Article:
Johnson cited his communication with constituents when asked about the defections. He told The Hill that both parties have a problem that “they talk to each other with Beltway talk. They have their own lingo. They don’t communicate … with the people back on Main Street.” 

• Connie Mack (Fla.). The Sunshine State Republican isn’t shy about voting against GOP leaders. He was a firm no on Boehner’s initial deficit-reduction plan, despite intense whipping on that bill. The Senate hopeful only supported his leadership on the payroll tax extension measure that included a provision requiring President Obama to make a decision on the Keystone pipeline by Feb. 21.

• Tom McClintock (Calif.). McClintock backed the bill that averted a government shutdown last spring. Otherwise, the fiscal hawk resisted attempts to win his support for legislation to raise the debt ceiling and extend the payroll tax cut. 

• Ron Paul (Texas). The libertarian presidential contender has missed a fair amount of votes while on the hustings, including three of the votes measured in The Hill review. Paul did not vote on the 2011 continuing resolution, the first of two 2012 appropriations conference reports and the payroll tax cut measure. He refused to budge on intensely whipped items, including the BCA, FISA surveillance law extension and the bill to prevent a government shutdown. Paul’s inclusion on this list is not surprising. Republican leaders don’t even bother whipping him, assuming he will vote no.

• Justin Amash (Mich.). The freshman from Michigan, who is a big fan of Paul, routinely votes against leadership. Amash is a vocal critic of the wars in Afghanistan and Iraq. 

On the eve of a tense House vote on Boehner’s debt bill, Amash told his followers, “I cannot support an increase in the debt limit without the passage of a major structural reform to government, such as a well-structured balanced-budget amendment to the Constitution.”

•Paul Broun (Ga.). With the exception of voting for the payroll tax cut, the lawmaker opposed his leadership on nine of the 10 votes. Broun is facing a primary against former Rep. Mac Collins (R-Ga.). 

• Tom Graves (Ga.). Graves, who won a special election in 2010 before the November wave, joined Broun and Mack in opposing nine of the 10 bills, with the exception of the payroll tax cut extension. Graves, who was appointed to the powerful Appropriations Committee, bucked his committee chairman on spending measures.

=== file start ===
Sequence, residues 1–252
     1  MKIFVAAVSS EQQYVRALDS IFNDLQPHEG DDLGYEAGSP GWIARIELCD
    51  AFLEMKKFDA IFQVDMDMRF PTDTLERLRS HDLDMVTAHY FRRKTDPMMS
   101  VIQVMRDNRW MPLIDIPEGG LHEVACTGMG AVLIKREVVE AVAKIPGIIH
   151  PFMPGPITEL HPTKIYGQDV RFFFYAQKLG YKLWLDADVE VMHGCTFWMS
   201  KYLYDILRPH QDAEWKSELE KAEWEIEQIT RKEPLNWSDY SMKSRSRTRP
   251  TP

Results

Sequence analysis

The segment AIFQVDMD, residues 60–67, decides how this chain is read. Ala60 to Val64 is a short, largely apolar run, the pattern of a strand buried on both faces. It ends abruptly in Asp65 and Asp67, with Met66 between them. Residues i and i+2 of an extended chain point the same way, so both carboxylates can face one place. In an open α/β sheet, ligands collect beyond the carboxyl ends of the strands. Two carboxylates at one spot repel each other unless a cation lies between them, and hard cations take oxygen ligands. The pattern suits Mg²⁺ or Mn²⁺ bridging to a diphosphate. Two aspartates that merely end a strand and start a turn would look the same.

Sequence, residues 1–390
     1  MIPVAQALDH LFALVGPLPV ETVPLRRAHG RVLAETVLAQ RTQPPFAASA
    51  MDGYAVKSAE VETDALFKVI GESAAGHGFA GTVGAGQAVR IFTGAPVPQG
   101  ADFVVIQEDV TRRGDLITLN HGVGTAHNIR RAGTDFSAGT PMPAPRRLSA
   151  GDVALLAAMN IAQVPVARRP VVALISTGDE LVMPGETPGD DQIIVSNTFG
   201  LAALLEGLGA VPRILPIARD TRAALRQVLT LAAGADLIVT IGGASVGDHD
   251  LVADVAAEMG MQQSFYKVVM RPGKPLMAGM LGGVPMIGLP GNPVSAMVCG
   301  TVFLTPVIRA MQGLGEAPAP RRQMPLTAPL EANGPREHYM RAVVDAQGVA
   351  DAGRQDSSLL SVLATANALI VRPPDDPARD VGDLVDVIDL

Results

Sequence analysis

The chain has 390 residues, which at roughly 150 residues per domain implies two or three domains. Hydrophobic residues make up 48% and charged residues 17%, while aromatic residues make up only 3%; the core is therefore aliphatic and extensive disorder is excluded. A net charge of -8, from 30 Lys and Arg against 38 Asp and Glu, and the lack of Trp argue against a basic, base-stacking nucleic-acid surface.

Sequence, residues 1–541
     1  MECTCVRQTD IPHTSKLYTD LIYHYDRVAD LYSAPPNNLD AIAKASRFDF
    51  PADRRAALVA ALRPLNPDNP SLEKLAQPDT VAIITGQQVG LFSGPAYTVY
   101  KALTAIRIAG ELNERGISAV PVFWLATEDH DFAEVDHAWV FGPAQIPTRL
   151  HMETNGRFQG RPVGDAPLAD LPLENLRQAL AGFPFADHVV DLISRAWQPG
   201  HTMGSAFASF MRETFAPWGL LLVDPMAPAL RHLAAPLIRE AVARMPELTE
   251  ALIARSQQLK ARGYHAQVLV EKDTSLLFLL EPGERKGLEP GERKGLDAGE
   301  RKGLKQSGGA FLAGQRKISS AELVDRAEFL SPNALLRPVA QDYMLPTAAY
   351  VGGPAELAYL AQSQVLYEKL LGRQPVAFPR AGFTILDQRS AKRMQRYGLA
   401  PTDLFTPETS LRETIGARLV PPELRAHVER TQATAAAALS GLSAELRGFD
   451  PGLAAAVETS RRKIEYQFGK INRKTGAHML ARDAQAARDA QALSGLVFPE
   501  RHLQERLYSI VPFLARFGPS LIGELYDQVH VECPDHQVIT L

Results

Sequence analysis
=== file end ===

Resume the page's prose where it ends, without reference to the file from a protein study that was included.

•Jason Chaffetz (Utah). The ambitious Chaffetz opposed his leaders on eight of the 10 bills, supporting only the payroll tax cut extension and the extension of FISA surveillance laws. 

• Steve King (Iowa). The Tea Party favorite voted against all but two of the 10 items included in the study. King supported extending the FISA provisions and portions of the Patriot Act. 

• Michele Bachmann (Minn.). Joining Paul on the presidential campaign trail, Bachmann missed votes on the first of two 2012 spending conference reports and the payroll tax cut measure, but when she did vote, it was decisively against her leaders. The exceptions were national security measures (FISA and Patriot Act) on which the Intelligence Committee member voted “aye.” There are more than a few Republican members who wouldn’t be disappointed if Bachmann opts not to run for reelection.

•Jeff Duncan (S.C.). The freshman lawmaker supported his leadership in extending FISA and the payroll tax cut. He opposed them on the other eight items. 

Duncan told The Hill that “at the end of the day, I have to stop and consider: Did I do everything I could to lessen the negative impact of big government for my children? … That’s why I have consistently had to oppose bills that continued to spend ever greater amounts of borrowed money.” 

• Joe Wilson (S.C.). He opposed his leaders at important junctures throughout the year, primarily on fiscal matters. The ardent defense hawk supported the extension of FISA and the Patriot Act, but opposed them on the other items, including trade legislation.